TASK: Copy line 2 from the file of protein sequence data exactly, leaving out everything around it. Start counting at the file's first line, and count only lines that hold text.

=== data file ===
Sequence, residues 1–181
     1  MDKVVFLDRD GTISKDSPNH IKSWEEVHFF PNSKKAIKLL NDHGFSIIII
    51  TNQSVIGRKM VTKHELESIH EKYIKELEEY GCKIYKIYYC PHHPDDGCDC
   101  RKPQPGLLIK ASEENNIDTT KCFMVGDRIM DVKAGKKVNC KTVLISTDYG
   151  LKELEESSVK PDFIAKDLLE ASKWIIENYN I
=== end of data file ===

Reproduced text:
     1  MDKVVFLDRD GTISKDSPNH IKSWEEVHFF PNSKKAIKLL NDHGFSIIII